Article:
Companies desire to improve service levels but also to reduce costs. Both of these goals can often conflict. How can you achieve the best balance? Supply Chain Network Design is about that. Supply chain network design used to be done on a one-off basis or as a project. Increasing volatility and uncertainty have made this obsolete. To adapt to changing business landscapes, companies are running models on a quarterly and sometimes even more frequent basis. Let’s explore the concept of network design, and how it can benefit your company.
Defining supply chain network design
Two things are important in supply chain network design:
- Find your supply chain’s footprint: where to place facilities and how big they should be.
- Identifying the flow of products through the supply chain.
The design of the supply chain network will affect the company’s capacity and the movement of raw materials and finished goods from the source to the end of consumption. Advanced mathematical modeling is often used to support all of these functions. Many network design tools have a back-end solver that can take into account complex business constraints to provide the best answer. How does this work in practice?
Commonly use cases for supply chain network design
In most cases, network design is part of strategic planning. There are some exceptions, however, where network design software is able to fulfill operational or tactical needs.
Strategic network design: You should model in monthly or annual time buckets and ensure that your cost functions are sufficient to support strategic decisions. For example, you can use network design to:
- Reduce “hard-coded” costs
- Optimize service levels
- Make DC Open / close decisions
- Optimize customer to DC allocations
- Optimize transport flows
- Optimize supplier, production, and DC volumes
- Manage capacity constraints
- Understand the cost to serve
- Perform M&A due diligence and post M&A rationalization
- Mitigate risks for disruptions
- Prepare business cases for investment
- Optimize carbon emissions
Tactical planning: Network design can be used for cut-capacity planning or support S&OP processes with a monthly supply/demand balance solve. However, it is possible to better manage the collaboration and process aspects of S&OP with a tool that was specifically created for this purpose.
Operational planning: A network design tool can be used to plan operations. For example, spare parts are placed at forwarding stock locations within an MRO (maintenance, repair, and operation) environment. This can be done at the SKU level and carried out weekly, by example.
How does supply chain network design help your business?
The use cases show that designing a supply network involves complex and multi-million-dollar decisions. Gartner analysts recommend that organizations make network design a core component of their supply chain analytics efforts. The four most important ways supply chain network design can benefit you are summarized below.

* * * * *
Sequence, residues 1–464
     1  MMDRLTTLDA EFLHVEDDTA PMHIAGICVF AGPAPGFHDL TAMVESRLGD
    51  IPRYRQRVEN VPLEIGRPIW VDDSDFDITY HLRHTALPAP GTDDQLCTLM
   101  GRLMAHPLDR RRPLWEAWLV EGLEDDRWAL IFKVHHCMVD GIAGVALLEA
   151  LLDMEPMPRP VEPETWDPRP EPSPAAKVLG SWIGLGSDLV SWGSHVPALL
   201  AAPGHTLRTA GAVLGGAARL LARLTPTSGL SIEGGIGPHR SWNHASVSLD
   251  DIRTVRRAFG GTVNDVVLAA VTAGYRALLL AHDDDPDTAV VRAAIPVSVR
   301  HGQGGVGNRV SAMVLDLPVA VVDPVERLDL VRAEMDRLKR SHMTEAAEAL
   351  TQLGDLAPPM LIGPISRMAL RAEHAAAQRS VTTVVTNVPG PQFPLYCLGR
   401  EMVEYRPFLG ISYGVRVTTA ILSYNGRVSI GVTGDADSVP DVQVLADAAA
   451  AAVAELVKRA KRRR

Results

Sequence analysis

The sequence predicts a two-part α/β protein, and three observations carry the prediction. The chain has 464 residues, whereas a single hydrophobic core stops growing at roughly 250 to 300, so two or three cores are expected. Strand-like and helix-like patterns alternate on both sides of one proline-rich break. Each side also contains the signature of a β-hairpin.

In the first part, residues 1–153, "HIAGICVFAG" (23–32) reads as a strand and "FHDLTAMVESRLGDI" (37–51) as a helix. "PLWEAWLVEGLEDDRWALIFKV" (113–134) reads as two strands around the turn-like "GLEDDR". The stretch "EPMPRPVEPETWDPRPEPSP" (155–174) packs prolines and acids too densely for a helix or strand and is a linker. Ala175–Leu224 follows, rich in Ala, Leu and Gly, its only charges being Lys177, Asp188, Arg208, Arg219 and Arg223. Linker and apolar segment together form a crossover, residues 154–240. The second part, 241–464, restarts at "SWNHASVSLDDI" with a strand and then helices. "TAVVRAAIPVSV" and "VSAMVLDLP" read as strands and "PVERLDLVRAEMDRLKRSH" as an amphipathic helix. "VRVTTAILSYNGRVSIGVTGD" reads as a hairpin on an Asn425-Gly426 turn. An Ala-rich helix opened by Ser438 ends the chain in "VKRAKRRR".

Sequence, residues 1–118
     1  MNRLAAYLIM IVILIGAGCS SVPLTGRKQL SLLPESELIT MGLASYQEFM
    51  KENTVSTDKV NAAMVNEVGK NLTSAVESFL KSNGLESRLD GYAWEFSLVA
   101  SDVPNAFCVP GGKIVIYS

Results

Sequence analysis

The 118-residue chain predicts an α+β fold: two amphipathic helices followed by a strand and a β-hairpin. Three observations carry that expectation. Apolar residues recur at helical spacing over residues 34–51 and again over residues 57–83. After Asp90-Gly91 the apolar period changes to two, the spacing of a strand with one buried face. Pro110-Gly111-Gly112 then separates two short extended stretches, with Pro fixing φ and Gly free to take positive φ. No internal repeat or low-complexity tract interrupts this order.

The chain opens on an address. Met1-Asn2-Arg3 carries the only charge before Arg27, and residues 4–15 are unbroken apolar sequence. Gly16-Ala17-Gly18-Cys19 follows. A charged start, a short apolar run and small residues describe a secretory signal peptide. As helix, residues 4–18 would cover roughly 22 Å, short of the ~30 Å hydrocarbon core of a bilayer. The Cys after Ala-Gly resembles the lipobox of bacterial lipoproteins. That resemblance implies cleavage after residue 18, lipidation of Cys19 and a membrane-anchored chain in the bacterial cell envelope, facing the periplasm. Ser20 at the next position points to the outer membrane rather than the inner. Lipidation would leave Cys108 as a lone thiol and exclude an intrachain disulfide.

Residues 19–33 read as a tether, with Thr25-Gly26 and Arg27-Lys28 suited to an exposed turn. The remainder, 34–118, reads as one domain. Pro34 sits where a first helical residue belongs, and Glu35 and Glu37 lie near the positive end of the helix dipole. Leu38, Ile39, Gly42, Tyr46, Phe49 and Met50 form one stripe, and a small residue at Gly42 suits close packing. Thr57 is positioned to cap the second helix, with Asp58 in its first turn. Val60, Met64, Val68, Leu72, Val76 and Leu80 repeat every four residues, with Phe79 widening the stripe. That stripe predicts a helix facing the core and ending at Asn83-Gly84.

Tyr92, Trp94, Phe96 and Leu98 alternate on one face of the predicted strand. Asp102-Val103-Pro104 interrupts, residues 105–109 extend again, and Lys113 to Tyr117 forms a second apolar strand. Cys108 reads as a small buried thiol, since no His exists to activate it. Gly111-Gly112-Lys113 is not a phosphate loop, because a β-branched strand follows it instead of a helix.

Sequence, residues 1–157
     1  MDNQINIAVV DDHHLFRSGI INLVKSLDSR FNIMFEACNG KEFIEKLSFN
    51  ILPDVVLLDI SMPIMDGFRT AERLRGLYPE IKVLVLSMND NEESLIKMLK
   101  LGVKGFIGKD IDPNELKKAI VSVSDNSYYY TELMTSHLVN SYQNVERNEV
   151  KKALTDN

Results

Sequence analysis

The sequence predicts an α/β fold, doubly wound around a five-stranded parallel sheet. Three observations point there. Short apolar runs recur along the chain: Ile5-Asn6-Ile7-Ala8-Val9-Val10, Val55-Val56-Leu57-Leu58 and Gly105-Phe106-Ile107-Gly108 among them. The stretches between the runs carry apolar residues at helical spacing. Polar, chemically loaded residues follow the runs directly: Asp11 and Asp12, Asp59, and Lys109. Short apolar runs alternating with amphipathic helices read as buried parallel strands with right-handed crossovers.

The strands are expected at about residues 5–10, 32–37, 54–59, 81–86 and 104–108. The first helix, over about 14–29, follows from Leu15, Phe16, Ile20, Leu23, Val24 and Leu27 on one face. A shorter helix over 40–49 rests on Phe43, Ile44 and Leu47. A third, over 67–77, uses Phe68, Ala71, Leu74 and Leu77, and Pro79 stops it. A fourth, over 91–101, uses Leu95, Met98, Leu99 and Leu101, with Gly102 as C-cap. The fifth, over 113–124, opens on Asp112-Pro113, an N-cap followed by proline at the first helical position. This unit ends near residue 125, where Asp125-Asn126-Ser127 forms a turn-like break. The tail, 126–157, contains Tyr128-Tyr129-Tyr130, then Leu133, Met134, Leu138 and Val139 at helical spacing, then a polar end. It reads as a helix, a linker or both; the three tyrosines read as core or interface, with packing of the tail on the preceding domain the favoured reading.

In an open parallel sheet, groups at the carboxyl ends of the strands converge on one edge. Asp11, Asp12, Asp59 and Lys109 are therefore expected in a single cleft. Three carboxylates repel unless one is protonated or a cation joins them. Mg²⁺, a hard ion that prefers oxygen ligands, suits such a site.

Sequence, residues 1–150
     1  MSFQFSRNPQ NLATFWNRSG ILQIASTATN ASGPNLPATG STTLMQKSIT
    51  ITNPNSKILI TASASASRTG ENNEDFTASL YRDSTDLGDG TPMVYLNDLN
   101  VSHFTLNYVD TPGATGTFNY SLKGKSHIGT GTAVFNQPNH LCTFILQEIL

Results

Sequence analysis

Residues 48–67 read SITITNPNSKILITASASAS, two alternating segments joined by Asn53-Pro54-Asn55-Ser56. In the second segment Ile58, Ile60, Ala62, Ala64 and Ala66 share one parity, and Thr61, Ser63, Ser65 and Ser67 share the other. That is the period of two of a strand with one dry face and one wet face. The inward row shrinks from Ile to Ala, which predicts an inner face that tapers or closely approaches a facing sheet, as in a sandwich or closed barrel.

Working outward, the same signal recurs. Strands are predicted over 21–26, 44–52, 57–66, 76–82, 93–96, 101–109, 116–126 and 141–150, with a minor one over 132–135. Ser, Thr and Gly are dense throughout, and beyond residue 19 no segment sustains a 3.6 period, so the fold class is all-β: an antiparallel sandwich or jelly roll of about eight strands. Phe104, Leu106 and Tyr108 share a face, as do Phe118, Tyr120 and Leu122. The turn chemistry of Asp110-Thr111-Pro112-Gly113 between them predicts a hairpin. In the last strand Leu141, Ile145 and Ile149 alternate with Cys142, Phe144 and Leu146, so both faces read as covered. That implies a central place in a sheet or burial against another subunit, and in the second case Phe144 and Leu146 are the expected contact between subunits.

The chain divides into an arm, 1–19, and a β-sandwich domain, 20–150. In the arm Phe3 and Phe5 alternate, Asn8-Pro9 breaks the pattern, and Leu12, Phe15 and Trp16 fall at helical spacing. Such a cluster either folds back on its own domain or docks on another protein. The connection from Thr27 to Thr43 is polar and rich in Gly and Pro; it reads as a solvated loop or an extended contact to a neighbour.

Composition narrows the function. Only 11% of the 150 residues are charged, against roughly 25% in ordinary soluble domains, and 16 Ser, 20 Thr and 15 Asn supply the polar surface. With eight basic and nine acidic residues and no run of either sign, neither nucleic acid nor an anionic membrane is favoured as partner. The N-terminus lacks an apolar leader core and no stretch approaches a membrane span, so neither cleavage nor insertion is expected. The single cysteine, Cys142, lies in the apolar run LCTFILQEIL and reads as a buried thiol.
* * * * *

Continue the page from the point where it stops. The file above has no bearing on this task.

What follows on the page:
1. Have open and honest conversations with business sponsors; Make data-based decisions
The supply chain is too complex for people to make decisions based only on their gut feelings and Excel. It can be extremely helpful to have a digital representation that allows you to model different scenarios and make assumptions in order to make complex decisions. As BT’s Transformation Director, David Mackenzie, says:
2. Exposing risks and building an agile and resilient supply chain
Supply chain leaders who are forward-thinking use network design to increase resilience. We don’t know when the next trade war, pandemic, or hurricane will strike. You need to be ready to respond quickly to any unexpected disruptions. Unexpected disruptions should be modeled, understood, and a plan put in place to minimize their negative impact on your bottom line. It is easier to assess the potential impact of disruptions on your supply chain and reduce risks with a technology that allows you to optimize and scenario model.
3. Minimize costs
Evaluation of scenarios can help you identify inefficiencies and save money, and also helps you manage the complicated trade-off between cost and resilience. Network design can result in savings of 2-5 percent in logistics costs. To find out how you can save money in your industry, visit our benefits calculator.
4. Optimize service levels
Network design can be used to optimize customer service opportunities, whether you are looking to provide the best service possible to Tier one customers or the best in the market. Scenario modeling allows you to better assess the impact of switching between multi-DC fulfillment. It also helps you to better manage fulfillment and reduce lead times.